* Quote of the Week – “This isn’t about big government or small government. It’s about building a smarter government that focuses on what works.” Barack Obama, November 25, 2008
* Hallelujah ~ I have found a new Pastor! – Seven Days of Sex was the title of the sermon that Pastor Ed Young gave his congregation earlier this month. “Young challenged his parishioners to have sex with their spouse every day for a week to see how it benefited their relationship.” The Baptist pastor bases his “sexperiment” on Christian ideology – that God created sex for husband and wife. I can’t wait to show the video of the sermon to my rabbi – an ecumenical action on my part that is in tune with the new effort in our country to identify areas of common interest and move away from more recent divisiveness and isolation. I would like to suggest a new rallying cry for America – “Sex, Patriotism and Rock and Roll.”
* Speaking of “ecumenical” – “President and First Lady Bush recently sent Jewish community leaders invitations to a Hanukkah reception at the White House next month. But as the New York Post reports, the invitations “raised more than a few eyebrows” because the image on them was that of a “Clydesdale horse hauling a Christmas fir along the snow-dappled drive to 1600 Pennsylvania Ave.” Ho, ho ho! Oy, oy, oy!
* Being dragged into the 20th Century – “State (South Carolina) GOP chairman Katon Dawson, who is campaigning to lead the national Republican Party organization, has resigned a 12-year membership in a whites-only Columbia country club… Dawson said he began working to change the club’s admissions practices in mid-August after reading about the deed in an article in The State.” After being a member of a club with racist policies and no black faces on members for 12 years, it took an article in a newspaper to alert Mr. Dawson to the situation. Maybe when other members were saying no “Coloreds” allowed, Mr. Dawson thought they were saying no “collards” allowed. Apparently the Republican Party has not reached rock bottom in spite of its considerable efforts.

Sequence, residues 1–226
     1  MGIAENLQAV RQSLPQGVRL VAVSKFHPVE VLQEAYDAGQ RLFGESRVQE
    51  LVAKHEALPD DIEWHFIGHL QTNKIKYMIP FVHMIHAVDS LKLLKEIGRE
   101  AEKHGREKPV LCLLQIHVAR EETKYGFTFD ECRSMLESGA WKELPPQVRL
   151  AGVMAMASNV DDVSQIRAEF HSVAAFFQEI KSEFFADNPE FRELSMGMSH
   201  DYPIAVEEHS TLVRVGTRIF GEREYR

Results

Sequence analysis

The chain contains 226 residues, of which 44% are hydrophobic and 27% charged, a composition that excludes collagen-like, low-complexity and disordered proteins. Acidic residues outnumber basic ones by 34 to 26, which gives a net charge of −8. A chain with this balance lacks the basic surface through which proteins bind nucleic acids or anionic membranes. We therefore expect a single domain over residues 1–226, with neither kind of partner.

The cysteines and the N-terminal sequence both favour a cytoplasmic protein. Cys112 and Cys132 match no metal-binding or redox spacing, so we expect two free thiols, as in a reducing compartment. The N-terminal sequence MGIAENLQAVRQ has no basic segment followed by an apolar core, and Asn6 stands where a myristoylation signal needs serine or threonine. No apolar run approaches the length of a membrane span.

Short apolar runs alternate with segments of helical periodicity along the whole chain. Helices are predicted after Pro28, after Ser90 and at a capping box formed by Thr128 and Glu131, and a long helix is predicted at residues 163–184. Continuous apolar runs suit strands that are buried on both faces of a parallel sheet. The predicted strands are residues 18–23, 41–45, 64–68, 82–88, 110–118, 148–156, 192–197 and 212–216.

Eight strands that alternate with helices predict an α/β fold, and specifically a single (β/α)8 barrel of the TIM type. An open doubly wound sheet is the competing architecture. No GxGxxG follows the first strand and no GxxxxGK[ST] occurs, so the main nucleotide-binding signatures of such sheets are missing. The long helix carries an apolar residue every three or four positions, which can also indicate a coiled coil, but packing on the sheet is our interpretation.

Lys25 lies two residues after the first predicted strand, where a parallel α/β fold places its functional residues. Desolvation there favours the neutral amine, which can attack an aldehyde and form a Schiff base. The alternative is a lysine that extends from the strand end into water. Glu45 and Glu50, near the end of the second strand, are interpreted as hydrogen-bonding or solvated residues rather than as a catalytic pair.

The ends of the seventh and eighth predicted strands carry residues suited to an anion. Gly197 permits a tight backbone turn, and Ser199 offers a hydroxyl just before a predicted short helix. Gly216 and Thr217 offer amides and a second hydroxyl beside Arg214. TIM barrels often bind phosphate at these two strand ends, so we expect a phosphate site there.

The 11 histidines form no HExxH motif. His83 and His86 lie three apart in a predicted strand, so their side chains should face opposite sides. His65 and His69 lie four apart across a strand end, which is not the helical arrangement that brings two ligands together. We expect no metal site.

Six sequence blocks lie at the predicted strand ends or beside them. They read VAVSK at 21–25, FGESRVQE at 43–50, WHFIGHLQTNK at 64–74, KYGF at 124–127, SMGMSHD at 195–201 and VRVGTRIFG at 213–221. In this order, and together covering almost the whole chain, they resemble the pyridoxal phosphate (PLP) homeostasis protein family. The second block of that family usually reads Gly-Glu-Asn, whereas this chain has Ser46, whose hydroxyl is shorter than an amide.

* Being dragged into the 21st Century - Miami-Dade Circuit Judge Cindy Lederman Tuesday declared that Florida's 50-year-old ban on gay adoptions unconstitutional. Judge Lederman said, ''It is clear that sexual orientation is not a predictor of a person's ability to parent.''
* I love contests – The Nation magazine has a contest for readers to offer suggestions, in 25 words or less, what President Bush should do after he leaves office. The response I submitted: “Nothing”!
* Intelligent and responsive governance – Two weeks ago I noted a report by Pro Publica (Journalism in the Public Interest) how gas drilling is resulting in carcinogens entering our water supplies. This week New York City and state politicians called for the state Department of Environmental Conservation to hire an outside consultant to evaluate the impact gas drilling could have on the city's watershed, and to hold public hearings in New York City and in the watershed region. It seems appropriate that we each ask our city and state representatives what respective local governments are doing to ensure the safety of the water we consume. Over the last eight years the federal Environmental Protection Agency saw its mission as protecting industry. I hope and optimistically expect this will change in an Obama administration but, some of the responsibility should be assumed by each of us to pressure and hold accountable our representatives. Our dependence on the “other guy” to do it came up short.
* No pardon in this season for a duck – An article by Joe Klein of Time Magazine summarizes the presidency of George W. Bush. It should be read in its entirety for its incisiveness and as precursor of assessments that will follow in the days and decades to follow. One sentence from this article, that generates more pathos for America than for Mr. Bush, Klein writes, “At the end of a presidency of stupefying ineptitude, he has become the lamest of all possible ducks.”
* “Consequences, Schmonsequences, as long as I'm rich.”
Daffy Duck in 1957 film Ali Baba Bunny